'God was at our house,' says relieved Shore mother Pilot, 2 children unharmed after plane crashes into yard

July 10, 1992|By David Michael Ettlin | David Michael Ettlin,Staff Writer

After clipping treetops and TV antennas above two homes, a single-engine plane crashed yesterday into the yard of a Chestertown home, where its impact was cushioned by a skateboard ramp.

The Cessna airplane and the skateboard ramp -- where two young children had been sitting with a kitten moments earlier -- were demolished. But the pilot, Steven M. Beres, 25, of Baltimore, walked away from the wreckage with minor injuries.

"God was in Chestertown today, I'm telling you," said Assistant Chief Kenneth W. Neal of the town's volunteer fire department, still marveling hours later that no major injury or death resulted, and that the plane did not go up in flames.

"No -- God was at our house," said Kathleen Clark, whose youngest child, Matthew, 9, was standing about 20 feet away from the point of impact. "He was watching out for everyone.''

"We still have three children. We still have a truck that was parked in the driveway. The pilot is alive, and the only thing we lost is a skateboard ramp," she said.

Matthew, a student at Worton Elementary School, said a playmate, Jacob Tucker, 12, had gone into the house and he was standing on the front steps when the plane flew low down the street, brushed the trees and two rooftop TV antennas across from his home, and a wing clipped a telephone pole.

The impact with the pole, about 25 feet from the Clark home, spun the plane around and it dropped straight down onto the skateboard ramp, the family said.

Matt's brother Eric, 17, and father, Gregory Clark, 45, ran to the plane and found the pilot standing alongside the wreckage. Mr. Beres told them his neck hurt, and they convinced him to lie down on the grass until help arrived.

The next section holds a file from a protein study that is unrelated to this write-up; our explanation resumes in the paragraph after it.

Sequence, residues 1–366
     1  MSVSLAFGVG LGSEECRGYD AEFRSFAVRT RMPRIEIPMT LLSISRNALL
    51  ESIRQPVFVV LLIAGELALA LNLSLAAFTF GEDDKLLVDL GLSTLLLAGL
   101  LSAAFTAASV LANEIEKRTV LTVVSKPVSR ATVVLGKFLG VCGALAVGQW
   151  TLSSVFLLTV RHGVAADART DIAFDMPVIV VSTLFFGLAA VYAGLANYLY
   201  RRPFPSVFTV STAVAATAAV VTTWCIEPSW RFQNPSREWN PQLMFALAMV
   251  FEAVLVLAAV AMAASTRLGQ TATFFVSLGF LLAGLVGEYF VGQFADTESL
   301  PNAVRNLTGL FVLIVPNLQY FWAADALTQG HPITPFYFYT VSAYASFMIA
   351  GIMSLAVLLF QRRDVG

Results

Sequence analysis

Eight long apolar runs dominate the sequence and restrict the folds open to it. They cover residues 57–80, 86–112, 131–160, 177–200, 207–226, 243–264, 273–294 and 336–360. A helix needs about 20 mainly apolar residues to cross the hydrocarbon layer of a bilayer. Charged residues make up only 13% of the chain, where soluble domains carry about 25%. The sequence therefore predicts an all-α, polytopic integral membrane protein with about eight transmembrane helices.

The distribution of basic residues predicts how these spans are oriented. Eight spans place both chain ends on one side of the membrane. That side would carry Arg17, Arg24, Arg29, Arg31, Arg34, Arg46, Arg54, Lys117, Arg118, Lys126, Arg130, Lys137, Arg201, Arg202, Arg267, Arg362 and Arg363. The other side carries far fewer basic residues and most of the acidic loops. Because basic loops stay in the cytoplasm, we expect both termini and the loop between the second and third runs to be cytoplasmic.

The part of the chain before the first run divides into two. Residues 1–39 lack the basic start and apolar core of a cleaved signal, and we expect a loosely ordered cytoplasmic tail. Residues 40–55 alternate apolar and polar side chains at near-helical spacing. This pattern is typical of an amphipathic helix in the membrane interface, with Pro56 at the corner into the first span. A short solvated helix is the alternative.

"He was trying to land in the field behind our house, a big cornfield," Mrs. Clark said, "but because the wing caught that telephone pole, he couldn't make it. When it came down there was no sound. His engines were out. Nobody heard anything until the wing hit the telephone pole."

"He was a really lucky fella," Chestertown Police Chief Wayne Bradley said of Mr. Beres. "He evidently must be a decent pilot. He maneuvered that plane between trees."

The assistant fire chief said fuel appeared to be leaking from the plane, and the volunteer firefighters covered it with foam as a precaution.

"The guy had just filled up with fuel. His tanks were full. He left the airport and as he started to climb he lost power," said Chief Bradley, adding that the pilot was trying to return to the Chestertown airport, Scheeler Field, when the aircraft came down about a quarter-mile from the runway.

Mr. Beres was released after treatment at nearby Kent and Queen Anne's Hospital, and returned to the crash site to talk to investigators. "He had a neck brace on, and scrapes on his shoulder from seat belts in the plane," the police chief said.

The cause of the crash was being investigated by the Federal Aviation Administration.

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